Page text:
Since 1981, second base chances are down 28.6%. That decline, and defensive shifts, are changing the athletic requirements of the position.

"A second baseman now can be a bit less agile as he is already at the bag, or nowhere near the bag, (compared) to past … he might need a stronger arm," the AL executive noted. "Third base experiences more range plays than in the past."

Unlike shortstop, second base, and first base, third base opportunities have held up remarkably well.

Early this season, third basemen are active on 2.71 chances per game, which is in line with the last few seasons and similar to 1990s levels. The third baseman is often the lone defender on the left side of the infield in many shift alignments. Some teams will also swing their third baseman around to be the third defender on the right side of the infield during a defensive shift against a left-handed batter.

The Reds aren't exactly going full Satchel Paige and waving their outfielders in before striking out the side - but they are as well-positioned as any team to continue making bat-for-glove trade-offs.

Entering play Tuesday, Reds pitchers were tied with the Brewers for the major-league lead in strikeouts (712) since the start of the 2020 season. Perhaps that's why Reds GM Nick Krall told reporters the club began kicking around the idea of playing Suarez at shortstop last season. Krall said he was convinced Suarez could get the job done this January after seeing him in better shape.

The Indians are the AL leader in strikeouts since 2020. And like the Reds, who entered the season without a true shortstop, Cleveland departed spring training without a true center fielder. The club experimented with shortstop Amed Rosario there - he made three errors in his first spring game. In recent years, the Indians have also tried Lonnie Chisenhall and Jason Kipnis in center field, awkward fits at the position.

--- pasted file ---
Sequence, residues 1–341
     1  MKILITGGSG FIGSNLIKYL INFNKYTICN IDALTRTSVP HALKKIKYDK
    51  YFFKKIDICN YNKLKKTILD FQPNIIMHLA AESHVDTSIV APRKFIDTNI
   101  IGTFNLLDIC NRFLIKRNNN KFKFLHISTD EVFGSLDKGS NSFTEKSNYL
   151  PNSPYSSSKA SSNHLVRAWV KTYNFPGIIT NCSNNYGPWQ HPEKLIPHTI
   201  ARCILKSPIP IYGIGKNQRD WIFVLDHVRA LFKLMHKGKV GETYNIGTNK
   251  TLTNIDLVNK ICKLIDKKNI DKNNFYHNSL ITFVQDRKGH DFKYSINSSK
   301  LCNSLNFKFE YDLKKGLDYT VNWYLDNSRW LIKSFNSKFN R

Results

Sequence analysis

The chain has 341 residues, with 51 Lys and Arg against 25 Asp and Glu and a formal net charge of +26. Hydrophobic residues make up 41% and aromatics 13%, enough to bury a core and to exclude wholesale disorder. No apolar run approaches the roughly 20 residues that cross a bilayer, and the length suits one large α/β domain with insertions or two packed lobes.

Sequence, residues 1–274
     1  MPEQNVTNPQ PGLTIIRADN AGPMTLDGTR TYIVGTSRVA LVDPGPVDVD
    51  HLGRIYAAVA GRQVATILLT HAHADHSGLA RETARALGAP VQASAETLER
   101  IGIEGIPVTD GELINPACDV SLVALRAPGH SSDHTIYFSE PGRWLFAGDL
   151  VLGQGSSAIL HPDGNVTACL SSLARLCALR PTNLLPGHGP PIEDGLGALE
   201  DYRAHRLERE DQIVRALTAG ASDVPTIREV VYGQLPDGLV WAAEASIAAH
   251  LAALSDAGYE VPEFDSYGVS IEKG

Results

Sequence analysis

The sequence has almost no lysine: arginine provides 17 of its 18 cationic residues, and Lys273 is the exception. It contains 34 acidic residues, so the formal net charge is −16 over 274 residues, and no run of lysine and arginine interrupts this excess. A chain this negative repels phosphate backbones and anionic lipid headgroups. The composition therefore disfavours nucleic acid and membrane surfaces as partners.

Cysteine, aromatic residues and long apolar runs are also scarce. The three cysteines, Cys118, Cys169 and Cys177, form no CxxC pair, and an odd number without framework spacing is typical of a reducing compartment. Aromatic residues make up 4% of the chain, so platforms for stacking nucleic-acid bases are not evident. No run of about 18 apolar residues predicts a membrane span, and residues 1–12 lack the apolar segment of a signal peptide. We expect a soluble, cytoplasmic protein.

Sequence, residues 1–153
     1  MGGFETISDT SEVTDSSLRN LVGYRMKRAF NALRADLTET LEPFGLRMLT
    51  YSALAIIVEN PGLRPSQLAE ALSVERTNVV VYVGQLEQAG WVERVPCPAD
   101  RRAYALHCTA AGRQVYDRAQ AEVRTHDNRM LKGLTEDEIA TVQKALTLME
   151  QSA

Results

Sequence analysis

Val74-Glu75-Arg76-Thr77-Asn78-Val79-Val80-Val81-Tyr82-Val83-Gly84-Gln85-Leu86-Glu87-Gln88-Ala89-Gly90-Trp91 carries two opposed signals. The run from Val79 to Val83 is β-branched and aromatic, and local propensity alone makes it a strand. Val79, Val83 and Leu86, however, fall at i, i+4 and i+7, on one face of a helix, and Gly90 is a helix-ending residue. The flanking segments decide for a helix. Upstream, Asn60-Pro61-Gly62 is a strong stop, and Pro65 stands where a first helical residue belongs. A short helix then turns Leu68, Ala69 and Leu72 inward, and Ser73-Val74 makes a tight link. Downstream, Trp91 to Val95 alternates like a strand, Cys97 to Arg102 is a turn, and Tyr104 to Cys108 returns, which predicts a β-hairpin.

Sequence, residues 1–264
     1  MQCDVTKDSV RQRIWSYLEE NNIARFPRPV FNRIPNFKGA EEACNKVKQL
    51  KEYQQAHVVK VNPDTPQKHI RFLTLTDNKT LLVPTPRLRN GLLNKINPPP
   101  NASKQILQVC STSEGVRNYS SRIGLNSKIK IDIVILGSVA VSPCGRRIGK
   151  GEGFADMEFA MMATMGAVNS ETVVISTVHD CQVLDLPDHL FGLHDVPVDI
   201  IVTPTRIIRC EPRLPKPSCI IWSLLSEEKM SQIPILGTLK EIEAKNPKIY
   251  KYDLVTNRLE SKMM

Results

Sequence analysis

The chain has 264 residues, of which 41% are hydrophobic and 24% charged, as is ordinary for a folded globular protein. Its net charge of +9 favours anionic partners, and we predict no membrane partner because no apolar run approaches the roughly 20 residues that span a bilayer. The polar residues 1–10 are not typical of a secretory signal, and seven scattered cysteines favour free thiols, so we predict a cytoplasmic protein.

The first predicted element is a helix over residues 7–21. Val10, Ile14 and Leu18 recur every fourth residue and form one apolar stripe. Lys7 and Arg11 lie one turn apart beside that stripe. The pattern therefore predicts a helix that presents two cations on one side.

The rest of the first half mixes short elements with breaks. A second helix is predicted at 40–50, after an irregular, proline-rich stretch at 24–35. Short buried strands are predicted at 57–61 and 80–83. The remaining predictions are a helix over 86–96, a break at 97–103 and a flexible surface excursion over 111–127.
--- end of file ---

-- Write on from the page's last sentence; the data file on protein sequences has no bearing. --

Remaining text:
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But compared to infield opportunities, the outfield hasn't seen much decline as batters swap grounders for liners and fly balls.

Chances in center field are within the modern era range, which is between 2.9 and 2.4 chances per nine innings. Last year, CFs had 2.46 chances per game. This season it stands at 2.55.

Opportunities in the outfield corners are down early this season at historic lows, less than two per game at each spot. But in 2020 (1.85 left field, 2.06 right field) and 2019 (1.85 left field, 2.06 right field) the opportunities in the corner were near the middle of the pack since 1956.

When it comes to the infield, perhaps we'll see more experiments from more clubs.

Outside of catcher, most positions have become more offense-oriented. For example, two of the top three offensive seasons all time for the shortstop position occurred in 2019 and 2020. Last year's 101 weighted runs created plus mark (wRC+) - a measure that adjusts for ballpark and run environments where 100 represents league-average production - tied the top mark set in 1904. It was just the second time the position has met or exceeded league-average offensive production.

This is part of a larger story about the game's march toward three true outcomes and fewer balls in play, and whether or not that needs to be remedied. The commissioner's office is concerned about how warped the game has become. Even as MLB said it's using a less lively ball this year, home runs continue to fly out of parks. Strikeouts continue to rise. And with fewer balls in play, some teams are trying to jam more offense into traditionally glove-first positions.

MLB has even floated the idea of eliminating defensive shifts, which may in part have an eye on increasing defensive demands on positions. But until MLB intervenes, it seems the glove-first player is becoming endangered.

Travis Sawchik is theScore's senior baseball writer. Follow him on Twitter at @Travis_Sawchik.

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The Reds are conducting an experiment that may change the game defensively